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Students fulfill great expectations



Worker treating trees

Outstanding students, left to right, Koushal Rao, Haniya Shareef, Sana Shareef and Nishanth Chalasani credit their parents for their academic success.

Parents’ emphasis on education bears fruit

By L. L. ANGELL

The teenage children of four successful immigrants from southern India are distinguishing themselves with their academic excellence and service to the St. Lucie community.

Their fathers are doctors who separately immigrated to the United States between 1984 and 1992. Babar Shareef met his wife Mehr in New Jersey, where she grew up. Prasad Chalasani’s wife Mydhili came here at 15 with her family. But the others met their wives when they returned briefly to India for that purpose. All four started their professional lives in the Northeast, eventually coming to Port St. Lucie, where they live just blocks apart in St. Lucie West. Two (Humayun and Babar Shareef) are brothers and two (Prasad Chalasani and Kamalakar Rao) are medical partners. All are fathers of super high-achievers who’ve been friends most of their lives.

These young people aren’t focused on being popular or the next football game. Their parents have taught them that a successful future and personal happiness depend on an excellent education and hard work.

MAN ON A MISSION

The first to arrive, Humayun Shareef, came to Brooklyn in 1984, joining his married sister. Unmarried, he had a doctorate in osteopathy and $200 in his pocket. While practicing medicine, Humayun also held down multiple jobs. After marrying his wife Naheed, the young couple moved to a basement apartment in Brooklyn and started a family.

Today, they enjoy entertaining in their spacious home in PGA Village, but Humayun still works long hours as a doctor.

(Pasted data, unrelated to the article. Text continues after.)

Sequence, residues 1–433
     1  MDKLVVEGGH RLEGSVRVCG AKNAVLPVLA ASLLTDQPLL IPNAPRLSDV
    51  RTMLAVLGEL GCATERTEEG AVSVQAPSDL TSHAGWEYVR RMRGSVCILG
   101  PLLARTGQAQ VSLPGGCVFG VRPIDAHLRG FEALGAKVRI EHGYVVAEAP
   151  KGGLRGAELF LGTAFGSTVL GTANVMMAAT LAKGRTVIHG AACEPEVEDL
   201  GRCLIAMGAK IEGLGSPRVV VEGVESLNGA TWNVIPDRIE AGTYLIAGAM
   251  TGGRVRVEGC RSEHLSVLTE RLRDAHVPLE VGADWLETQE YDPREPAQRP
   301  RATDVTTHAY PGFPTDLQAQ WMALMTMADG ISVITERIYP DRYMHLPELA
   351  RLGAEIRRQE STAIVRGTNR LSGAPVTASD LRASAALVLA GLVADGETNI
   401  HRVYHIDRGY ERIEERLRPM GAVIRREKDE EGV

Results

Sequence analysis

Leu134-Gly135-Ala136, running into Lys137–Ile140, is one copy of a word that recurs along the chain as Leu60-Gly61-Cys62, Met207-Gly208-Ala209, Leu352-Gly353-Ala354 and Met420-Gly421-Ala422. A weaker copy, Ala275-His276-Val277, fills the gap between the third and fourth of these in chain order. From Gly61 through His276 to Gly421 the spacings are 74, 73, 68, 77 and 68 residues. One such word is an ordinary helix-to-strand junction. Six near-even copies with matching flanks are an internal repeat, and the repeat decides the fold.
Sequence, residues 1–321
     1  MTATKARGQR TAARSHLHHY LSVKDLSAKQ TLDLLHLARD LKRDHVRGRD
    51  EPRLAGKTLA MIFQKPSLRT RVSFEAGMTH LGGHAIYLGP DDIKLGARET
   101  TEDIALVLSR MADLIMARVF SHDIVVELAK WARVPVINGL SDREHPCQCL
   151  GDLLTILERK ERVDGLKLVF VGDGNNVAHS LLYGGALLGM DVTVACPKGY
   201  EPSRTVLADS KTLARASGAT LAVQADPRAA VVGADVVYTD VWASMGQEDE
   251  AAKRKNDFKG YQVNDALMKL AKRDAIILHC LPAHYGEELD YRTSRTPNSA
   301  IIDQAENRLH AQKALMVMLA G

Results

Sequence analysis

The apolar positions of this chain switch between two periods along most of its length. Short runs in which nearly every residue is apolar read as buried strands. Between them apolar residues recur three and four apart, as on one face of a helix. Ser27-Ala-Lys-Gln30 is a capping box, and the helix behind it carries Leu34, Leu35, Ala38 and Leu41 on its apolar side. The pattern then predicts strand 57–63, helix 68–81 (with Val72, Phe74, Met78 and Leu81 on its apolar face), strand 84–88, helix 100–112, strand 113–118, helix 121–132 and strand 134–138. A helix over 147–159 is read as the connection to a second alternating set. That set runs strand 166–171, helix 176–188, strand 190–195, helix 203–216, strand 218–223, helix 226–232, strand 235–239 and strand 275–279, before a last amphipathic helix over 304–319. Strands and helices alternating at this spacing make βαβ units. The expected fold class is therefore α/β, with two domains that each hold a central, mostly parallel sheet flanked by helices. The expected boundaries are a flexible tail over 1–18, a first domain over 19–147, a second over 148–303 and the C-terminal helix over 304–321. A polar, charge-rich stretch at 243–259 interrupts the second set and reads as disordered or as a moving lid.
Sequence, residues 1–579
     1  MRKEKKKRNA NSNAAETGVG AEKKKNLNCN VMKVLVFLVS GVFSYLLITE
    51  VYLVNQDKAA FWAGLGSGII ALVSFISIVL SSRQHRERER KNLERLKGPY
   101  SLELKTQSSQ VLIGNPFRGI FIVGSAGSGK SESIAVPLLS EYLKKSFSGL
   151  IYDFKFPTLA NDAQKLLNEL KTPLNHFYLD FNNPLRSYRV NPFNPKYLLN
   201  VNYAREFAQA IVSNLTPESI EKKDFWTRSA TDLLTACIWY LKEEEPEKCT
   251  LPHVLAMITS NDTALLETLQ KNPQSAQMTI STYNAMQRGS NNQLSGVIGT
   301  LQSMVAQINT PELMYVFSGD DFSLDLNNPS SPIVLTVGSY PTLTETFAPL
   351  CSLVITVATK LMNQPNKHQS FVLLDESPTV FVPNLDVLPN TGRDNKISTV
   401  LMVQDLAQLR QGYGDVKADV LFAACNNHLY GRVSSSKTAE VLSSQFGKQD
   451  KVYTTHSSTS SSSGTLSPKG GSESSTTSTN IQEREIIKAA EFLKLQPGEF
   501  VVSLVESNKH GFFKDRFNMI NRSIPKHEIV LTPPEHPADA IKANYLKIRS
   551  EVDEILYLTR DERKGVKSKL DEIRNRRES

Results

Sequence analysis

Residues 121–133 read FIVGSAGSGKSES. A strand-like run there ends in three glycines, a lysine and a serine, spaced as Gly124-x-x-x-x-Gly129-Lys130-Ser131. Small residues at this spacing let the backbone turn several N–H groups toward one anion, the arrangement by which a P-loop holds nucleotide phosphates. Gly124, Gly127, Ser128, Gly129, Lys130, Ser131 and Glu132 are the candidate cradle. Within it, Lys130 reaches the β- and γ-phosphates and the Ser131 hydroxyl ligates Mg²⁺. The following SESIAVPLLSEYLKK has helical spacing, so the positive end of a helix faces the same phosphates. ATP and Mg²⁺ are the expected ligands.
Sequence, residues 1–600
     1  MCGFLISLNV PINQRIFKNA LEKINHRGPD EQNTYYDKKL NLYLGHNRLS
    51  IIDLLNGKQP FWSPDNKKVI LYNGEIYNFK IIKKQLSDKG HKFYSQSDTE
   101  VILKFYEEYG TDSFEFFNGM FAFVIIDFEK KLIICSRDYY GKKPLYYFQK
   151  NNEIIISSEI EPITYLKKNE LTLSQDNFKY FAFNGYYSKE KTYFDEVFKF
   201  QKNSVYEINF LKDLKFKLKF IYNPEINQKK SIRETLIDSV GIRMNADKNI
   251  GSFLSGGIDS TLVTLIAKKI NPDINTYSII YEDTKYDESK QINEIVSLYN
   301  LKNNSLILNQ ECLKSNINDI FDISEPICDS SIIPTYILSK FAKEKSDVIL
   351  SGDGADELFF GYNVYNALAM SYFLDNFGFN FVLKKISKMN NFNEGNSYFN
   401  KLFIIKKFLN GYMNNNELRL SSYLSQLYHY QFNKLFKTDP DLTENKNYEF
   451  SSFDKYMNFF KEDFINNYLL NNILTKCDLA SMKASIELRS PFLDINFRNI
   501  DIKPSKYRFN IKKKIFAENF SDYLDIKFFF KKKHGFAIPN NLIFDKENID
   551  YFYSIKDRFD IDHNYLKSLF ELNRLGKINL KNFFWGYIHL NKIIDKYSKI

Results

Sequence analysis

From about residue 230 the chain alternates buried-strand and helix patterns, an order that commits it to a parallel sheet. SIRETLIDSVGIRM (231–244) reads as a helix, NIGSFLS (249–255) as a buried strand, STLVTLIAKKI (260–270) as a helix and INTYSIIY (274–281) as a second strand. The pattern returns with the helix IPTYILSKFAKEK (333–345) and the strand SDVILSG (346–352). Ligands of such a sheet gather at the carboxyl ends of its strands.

“My mission was to get my younger siblings here. I worked very hard for that,” Humayun says. “Today, I tell my three kids, ‘Look where I am now. I started with nothing. If you’re not better off than me, you’ve failed.”

Just blocks away, Humayun’s younger brother, Babar Shareef, a cardiologist and his wife live with their two children, Sana, 15, and Omar, 13.

SHARED VALUES

A U.S. citizen of Indian descent, born abroad, Mehr came here at 1 month old.

“Two of our friends introduced us through friends of our mothers,” Babar says. “I was already in Florida and flew to New Jersey to meet Mehr and her family.”

“We knew we had the same values,” Mehr adds.

Drs. Kamalakar Rao and Prasad Chalasani, both Hindus, are partners in a cardiology practice in Fort Pierce. After completing their residencies, they returned to southern India for traditional marriages to Kavitha and Mydhili, respectively. Today, they live in PGA Village, too. Good friends with both Shareef families, they are raising remarkable children as well. For example, the students’ grade-point averages are between 4.7 and 5.5. All have been mentored by top scientists in St. Lucie County and won impressive research science awards while distinguishing themselves in different ways.

RECORD OF SUCCESS